Taking vitamin D supplements could significantly reduce the risk of severe asthma attacks for some asthmatics, health experts have found.
Asthma patients who suffer from severe attacks, or exacerbations, were at a lower risk of having an attack and less likely to need hospital treatment if they had been taking regular doses of the vitamin, trials carried out by a Cochrane Review showed.
They were also less likely to need treatment with steroid tablets.
Asthma is a chronic respiratory disease that affects around 300 million people worldwide, causing wheezing, coughing, chest tightness, and shortage of breath. Vitamin D has been linked to lowering the risk of asthma attacks.
Evidence suggests it may help prevent respiratory infections, such as the common cold, which can lead to exacerbations in patients.
The trials were organised by Cochrane, a global not-for-profit network of health professionals which is a partner of the World Health Organisation and AllTrials.
Speaking at a review of the research at London’s Science Media Centre on Monday, lead research author Professor Adrian Martineau said: “Asthma is a rising problem in the UK, with one out of 11 people receiving treatment for it every day.
“Vitamin D, or the sunshine vitamin, as well as enhancing bone development, helps the development of at least 35 other tissues and white blood cells. This can boost immunity against other illnesses and dampen down inflammation.”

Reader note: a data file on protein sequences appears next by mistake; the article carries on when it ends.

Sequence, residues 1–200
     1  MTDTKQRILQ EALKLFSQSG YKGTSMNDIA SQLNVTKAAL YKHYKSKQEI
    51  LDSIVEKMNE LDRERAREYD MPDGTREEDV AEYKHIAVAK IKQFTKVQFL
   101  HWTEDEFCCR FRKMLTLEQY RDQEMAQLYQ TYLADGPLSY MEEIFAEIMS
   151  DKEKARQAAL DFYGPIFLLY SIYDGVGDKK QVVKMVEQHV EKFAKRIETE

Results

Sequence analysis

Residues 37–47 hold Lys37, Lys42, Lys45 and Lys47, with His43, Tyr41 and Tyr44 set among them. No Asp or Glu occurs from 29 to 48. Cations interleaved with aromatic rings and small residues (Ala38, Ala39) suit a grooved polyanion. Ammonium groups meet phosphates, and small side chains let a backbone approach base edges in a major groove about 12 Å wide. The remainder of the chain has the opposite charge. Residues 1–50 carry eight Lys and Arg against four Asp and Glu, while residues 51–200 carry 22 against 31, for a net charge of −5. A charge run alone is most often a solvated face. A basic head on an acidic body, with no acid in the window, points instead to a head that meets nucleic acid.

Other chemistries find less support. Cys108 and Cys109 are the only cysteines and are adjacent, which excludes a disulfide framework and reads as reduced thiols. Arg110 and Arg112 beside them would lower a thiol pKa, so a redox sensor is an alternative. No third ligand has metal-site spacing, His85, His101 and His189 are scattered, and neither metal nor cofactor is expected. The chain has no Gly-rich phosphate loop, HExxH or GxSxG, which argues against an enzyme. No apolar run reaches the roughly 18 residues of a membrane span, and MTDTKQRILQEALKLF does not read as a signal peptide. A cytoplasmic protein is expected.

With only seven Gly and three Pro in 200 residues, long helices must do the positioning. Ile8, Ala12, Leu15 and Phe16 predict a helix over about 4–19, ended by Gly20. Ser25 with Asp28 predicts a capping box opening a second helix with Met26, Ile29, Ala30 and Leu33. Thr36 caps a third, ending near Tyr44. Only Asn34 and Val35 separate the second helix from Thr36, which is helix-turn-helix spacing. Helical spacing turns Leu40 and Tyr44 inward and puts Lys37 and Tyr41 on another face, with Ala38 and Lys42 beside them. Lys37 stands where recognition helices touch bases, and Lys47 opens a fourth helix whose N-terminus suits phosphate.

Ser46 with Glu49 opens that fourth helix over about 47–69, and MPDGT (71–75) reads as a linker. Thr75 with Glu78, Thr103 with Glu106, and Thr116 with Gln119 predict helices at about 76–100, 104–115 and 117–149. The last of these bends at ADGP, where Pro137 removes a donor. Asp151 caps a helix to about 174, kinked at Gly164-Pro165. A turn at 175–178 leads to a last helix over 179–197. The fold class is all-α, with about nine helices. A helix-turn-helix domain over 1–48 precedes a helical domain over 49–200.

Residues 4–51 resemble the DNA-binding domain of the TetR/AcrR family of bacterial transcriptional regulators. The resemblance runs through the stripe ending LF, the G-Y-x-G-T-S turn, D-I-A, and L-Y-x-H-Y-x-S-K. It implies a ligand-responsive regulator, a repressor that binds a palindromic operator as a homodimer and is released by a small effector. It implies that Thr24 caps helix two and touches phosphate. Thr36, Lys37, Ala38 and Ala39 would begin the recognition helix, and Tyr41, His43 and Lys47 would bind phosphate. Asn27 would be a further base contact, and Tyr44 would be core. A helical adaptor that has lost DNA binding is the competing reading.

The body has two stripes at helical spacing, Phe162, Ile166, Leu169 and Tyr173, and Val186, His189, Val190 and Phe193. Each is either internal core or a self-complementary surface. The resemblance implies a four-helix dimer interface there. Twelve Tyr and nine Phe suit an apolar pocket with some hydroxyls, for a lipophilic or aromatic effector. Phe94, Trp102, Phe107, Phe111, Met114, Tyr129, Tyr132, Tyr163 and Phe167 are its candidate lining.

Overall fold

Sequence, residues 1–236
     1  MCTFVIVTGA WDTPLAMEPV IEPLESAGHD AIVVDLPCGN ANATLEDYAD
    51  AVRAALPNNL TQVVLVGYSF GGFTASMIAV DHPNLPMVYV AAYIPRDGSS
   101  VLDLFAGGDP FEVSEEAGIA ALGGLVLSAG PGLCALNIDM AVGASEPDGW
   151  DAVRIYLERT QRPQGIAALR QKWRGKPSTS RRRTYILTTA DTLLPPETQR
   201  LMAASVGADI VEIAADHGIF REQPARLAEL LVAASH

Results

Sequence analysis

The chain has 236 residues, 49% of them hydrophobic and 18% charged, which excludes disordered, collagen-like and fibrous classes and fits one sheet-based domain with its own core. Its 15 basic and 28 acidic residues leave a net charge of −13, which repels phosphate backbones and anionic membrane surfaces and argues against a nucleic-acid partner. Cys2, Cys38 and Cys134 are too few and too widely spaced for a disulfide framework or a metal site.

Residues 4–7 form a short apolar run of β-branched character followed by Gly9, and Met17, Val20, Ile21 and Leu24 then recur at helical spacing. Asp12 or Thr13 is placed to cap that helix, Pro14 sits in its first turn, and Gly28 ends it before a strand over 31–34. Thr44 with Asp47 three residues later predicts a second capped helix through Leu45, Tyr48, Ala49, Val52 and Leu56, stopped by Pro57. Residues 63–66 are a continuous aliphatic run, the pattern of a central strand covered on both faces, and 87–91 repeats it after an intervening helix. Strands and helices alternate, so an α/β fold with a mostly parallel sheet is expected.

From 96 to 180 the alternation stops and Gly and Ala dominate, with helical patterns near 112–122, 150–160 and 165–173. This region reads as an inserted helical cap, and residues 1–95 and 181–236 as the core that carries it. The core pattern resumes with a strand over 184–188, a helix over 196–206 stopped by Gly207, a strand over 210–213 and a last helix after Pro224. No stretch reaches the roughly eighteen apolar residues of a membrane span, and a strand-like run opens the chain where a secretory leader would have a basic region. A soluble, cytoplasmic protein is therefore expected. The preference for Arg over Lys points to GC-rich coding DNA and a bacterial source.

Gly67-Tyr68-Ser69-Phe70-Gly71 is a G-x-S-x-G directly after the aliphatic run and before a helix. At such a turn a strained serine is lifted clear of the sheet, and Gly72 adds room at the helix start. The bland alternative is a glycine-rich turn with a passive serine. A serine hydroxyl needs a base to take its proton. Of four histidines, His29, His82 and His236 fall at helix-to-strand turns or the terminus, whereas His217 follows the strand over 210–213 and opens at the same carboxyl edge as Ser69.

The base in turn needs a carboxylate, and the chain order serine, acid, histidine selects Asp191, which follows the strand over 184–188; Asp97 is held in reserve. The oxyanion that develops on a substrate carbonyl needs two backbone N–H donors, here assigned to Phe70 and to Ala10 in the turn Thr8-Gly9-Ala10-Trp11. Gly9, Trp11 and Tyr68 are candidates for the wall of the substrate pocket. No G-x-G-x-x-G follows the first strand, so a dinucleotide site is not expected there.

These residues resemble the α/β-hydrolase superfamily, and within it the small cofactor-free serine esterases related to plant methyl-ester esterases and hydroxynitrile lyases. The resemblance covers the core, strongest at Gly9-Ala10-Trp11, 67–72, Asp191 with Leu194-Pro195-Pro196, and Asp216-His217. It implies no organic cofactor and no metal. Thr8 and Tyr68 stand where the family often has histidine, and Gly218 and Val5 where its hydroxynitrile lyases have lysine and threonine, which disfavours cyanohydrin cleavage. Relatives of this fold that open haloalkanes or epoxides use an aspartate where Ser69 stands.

The investigation involved nine trials with 1,093 people (including 435 children and 658 adults) with different levels of asthma. The patients, from a range of ethnic backgrounds, were given different dosages over six to 12-month periods.
Dosages ranged from one to 2,000 units (the equivalent of 50 micrograms) per day — five times the 400-unit dosage recently recommended by Public Health England for all people, with or without asthma.
The results also showed that the vitamin supplements did not increase the risk of side effects, but did not improve lung function or day-to-day asthma symptoms in patients either.
Prof Martineau said: “While the vitamin supplements reduced the number of attacks needing hospital treatment from 6% to 3%, one size may not fit all.
“We don’t know whether these heightened dosages will benefit all asthma patients or just those who already have low levels of vitamin D. Also, about three quarters of asthma patients do not suffer from exacerbations, and we need to do further trials to discover whether the supplements can benefit other groups.”
“The absorption of the quantity of the vitamin into the bloodstream is less controlled when taken as pills, but emerging evidence suggests it is more effective to take a regular dose than just the strong and widely spaced apart bursts we get from exposure to the sun.”
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